Acoustic Basics - Body Shape

An acoustic guitar's body shape, size and construction determine its' sound and character with, in general, bigger guitars typically deliver more volume. And while the size may play a huge role on the volume, the overall design and construction of a guitar body has a greater impact on tone than size or shape alone.

Acoustic guitars come in a variety of sizes, ranging from diminutive parlor to the mighty Jumbo with each manufacturer adding their own variations to these and the sizes in between. One common defining characteristic is the width, measured at the lower bout which is the widest part of a typical guitar's body, and the upper bout - or the section of the body that is closer to the neck.

Before we touch upon the different body shapes of guitars, it's important to keep in mind that acoustic guitars, even of the same body size, may also vary in depth. Deeper guitars (up to about 4 " inches) generally offer more bass and volume, while shallower guitars are more used to accentuate the midrange and high end sounds. Shallower guitars are also preferred for acoustic-electrics because they are less likely to feedback in a live setting.

Below are the most common body sizes offered by today's manufacturers:


Acoustic Guitar Body Shape Chart
With a few exceptions, the parlor is the smallest acoustic guitar body size. Measuring about 13 inches at the lower bout, parlor guitars generally also have necks that meet the body at the 12th fret. Parlor guitars tend to have an intimate voice perfect for light fingerpicking, and because they're comfortable to hold, they are an excellent choice for smaller players.

Classical Size

Based on the the design of Spanish luthier Antonio Torres in the mid 1800s, classical guitars are similar in proportions to the parlor yet considerably larger on the upper bout with deeper depth. Classical guitars are generally smaller than the more modern steel string acoustics.

Their compact proportions have a purpose of course: since proper classical playing position dictates the body and neck to be angled upward, the size of the body needs to be a manageable size, able to fit in a pocket between the players chest and knees.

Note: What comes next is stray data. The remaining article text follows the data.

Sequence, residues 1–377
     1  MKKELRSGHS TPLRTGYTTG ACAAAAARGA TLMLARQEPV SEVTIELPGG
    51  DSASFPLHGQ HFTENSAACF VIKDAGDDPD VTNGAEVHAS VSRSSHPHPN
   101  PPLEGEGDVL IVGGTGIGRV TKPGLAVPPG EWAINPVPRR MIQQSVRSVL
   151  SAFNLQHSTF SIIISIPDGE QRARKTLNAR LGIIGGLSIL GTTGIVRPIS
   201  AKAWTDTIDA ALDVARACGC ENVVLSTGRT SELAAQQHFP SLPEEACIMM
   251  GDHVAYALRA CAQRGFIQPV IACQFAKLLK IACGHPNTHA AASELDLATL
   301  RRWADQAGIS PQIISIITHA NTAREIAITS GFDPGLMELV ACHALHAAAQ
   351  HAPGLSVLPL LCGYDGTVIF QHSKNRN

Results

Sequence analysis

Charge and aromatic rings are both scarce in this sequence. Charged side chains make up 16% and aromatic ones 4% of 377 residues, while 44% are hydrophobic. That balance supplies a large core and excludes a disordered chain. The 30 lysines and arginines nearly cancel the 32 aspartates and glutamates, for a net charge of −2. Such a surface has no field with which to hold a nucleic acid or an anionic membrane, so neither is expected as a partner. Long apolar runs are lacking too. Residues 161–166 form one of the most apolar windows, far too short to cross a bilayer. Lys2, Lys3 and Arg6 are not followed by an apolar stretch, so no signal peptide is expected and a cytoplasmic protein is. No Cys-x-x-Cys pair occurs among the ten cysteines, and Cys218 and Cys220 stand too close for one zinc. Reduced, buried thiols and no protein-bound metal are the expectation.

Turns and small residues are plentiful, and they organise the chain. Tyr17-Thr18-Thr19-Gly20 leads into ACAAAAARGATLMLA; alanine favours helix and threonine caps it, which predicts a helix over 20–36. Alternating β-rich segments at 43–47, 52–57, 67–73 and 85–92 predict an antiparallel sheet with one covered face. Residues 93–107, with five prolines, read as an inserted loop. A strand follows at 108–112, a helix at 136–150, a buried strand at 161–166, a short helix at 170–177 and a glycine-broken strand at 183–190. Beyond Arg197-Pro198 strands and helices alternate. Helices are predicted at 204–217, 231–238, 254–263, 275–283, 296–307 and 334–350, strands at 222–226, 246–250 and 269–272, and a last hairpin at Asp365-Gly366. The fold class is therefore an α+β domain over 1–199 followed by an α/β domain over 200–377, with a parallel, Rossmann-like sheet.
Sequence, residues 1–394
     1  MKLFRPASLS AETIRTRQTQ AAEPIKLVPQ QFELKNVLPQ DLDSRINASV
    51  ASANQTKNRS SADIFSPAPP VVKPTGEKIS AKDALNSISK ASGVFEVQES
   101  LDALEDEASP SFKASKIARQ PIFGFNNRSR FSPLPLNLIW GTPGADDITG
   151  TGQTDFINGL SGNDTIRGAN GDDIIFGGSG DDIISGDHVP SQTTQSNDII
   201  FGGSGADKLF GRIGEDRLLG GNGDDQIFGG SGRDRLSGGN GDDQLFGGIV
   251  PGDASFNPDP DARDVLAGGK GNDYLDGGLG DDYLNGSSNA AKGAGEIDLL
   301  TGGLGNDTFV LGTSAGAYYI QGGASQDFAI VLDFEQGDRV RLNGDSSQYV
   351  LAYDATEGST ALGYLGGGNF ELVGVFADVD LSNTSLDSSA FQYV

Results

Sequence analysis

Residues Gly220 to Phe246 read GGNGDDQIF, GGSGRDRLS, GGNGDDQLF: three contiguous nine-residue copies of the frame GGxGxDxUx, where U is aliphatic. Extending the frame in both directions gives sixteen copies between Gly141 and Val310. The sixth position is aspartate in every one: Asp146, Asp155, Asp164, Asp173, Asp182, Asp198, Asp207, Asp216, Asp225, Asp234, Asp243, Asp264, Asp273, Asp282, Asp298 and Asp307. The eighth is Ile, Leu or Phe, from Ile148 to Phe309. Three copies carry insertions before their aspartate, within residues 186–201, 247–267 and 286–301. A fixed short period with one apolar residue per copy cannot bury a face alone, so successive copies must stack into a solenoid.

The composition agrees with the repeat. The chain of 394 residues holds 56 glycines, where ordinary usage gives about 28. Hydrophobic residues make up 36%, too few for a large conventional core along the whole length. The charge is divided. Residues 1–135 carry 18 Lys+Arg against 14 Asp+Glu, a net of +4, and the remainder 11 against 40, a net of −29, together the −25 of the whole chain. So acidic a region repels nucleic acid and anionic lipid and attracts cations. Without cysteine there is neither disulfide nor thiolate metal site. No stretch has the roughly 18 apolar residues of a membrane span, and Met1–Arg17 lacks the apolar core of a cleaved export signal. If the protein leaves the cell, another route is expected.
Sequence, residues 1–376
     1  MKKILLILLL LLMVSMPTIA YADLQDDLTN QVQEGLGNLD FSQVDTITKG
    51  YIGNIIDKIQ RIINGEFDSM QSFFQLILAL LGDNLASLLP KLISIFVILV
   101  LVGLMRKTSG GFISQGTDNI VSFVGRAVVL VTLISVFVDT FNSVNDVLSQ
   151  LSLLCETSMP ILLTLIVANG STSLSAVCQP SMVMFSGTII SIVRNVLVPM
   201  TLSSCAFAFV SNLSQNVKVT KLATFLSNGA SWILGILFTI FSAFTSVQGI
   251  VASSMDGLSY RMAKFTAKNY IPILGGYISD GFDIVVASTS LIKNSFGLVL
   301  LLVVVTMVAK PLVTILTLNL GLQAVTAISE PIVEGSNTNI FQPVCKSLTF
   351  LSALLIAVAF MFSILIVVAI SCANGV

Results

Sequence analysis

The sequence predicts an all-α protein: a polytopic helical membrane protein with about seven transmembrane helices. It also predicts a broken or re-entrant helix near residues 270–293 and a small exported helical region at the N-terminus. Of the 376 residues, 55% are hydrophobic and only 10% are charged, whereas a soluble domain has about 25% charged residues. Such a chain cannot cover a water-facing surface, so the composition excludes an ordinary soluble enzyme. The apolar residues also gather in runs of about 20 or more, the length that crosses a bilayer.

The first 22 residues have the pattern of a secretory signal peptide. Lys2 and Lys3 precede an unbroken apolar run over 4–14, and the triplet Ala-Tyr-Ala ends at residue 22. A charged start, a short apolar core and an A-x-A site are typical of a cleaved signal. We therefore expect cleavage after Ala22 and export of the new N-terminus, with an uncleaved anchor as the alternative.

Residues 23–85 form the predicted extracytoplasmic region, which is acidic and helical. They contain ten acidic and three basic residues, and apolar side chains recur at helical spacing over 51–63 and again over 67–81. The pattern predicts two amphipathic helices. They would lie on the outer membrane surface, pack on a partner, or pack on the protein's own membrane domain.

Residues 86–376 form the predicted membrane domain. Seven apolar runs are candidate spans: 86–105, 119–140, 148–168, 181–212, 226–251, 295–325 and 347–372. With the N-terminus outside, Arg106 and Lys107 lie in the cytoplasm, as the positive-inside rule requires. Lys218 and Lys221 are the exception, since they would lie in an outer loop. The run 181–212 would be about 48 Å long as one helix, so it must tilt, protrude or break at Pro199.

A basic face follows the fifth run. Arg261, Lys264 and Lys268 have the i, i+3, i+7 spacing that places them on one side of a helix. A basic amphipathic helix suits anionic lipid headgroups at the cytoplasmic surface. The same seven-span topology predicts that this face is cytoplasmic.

Concert (O)*

Measuring about 13" at the lower bout, O-size guitars were considered large when they were introduced in the mid-19th century. Today, they are an excellent bridge between a parlor - which some players find too small-and larger guitars, offering great playability and intimate tones.

Grand Concert (OO)*

Typically measuring about 14" at the lower bout, the OO's larger dimensions produce a more muscular voice that works well for a variety of playing styles. This size is often used for acoustic-electric guitars because it offers a balance between good acoustic sound and controlled resonance when amplified.

Auditorium / Orchestra Model / Grand Auditorium (OOO/OM/GA)*

OOO-size (aka OM for Orchestra Model or GA for Grand Auditorium) guitars measure about 15" at the lower bout. This size has become the blueprint for many "small bodied" guitars and produces a great balance between volume, tonal balance and playing comfort. The OM designation was pioneered by Martin and is identical in body size to a OOO, but with a slightly longer neck and wider nut (typically 1" instead of 11116" of the OOO and GA).


Introduced by Martin & Co. in the 1920's, the Dreadnought is the most popular body shape of all and is THE perennial bluegrass favorite. Surpassed in size only by the Jumbo, the Dreadnought was named for its large size after the British battleship H.M.S. Dreadnought. It measures 1558" at the lower bout with a waist that's less pronounced than other acoustic body shapes.

Dreadnoughts are also typically quite deep, resulting in a lot more volume and a meaty, muscular voice. And while this size guitar is suited for flatpicking, the dreadnought can be quite versatile, and many players use it for strumming and fingerstyle playing alike.


Measuring about 161116" at the lower bout, the Jumbo guitar was introduced by Gibson Guitar as the extremely popular J-200 model in 1936. Inspired by the singing cowboy movie star Ray Corrigan this guitars has been less defined in its' tonality but more so with the country and rock-a-billy stars that were playing them.

Jumbo's are perfect strummers, project loudly and are a great guitar for sitting around a campfire. Guitar-makers use the body style as a starting point for lightly braced finger-style guitars.

Student Guitar Sizes

While we've found a fairly wide amount of variability, most manufacturers use the quarter sized system of classification for their Student Sized Acoustic Guitars. Based on the Classical Guitar design, this system establishes full size as 4/4, with the smaller guitars, like orchestral instruments, graded in quarters rather than random terms - the smallest of which is the 1/4 sized instruments.

These proportions are generally differentiated by Scale Length or the length from the Bridge to the Nut. To give an example of the difference in scale sizes, a typical 1/4 size instrument from Jasmine Guitars (Takamine) has a scale length of 572 mm (about 22.5") while the full size classical guitar has a scale length between 650 and 660mm (about 25.5").

Based on these differences in scale length, the guitar manufacturer will normally size the body, neck and nut width proportionally.

*At least two different naming conventions are used to describe small-to-mid sized guitars. The Martin-derived O,OO and OOO/OM denote guitars from small to large. The terms Concert, Grand Concert and Auditorium (sometimes Grand Auditorium) generally correspond to Martin's naming convention.

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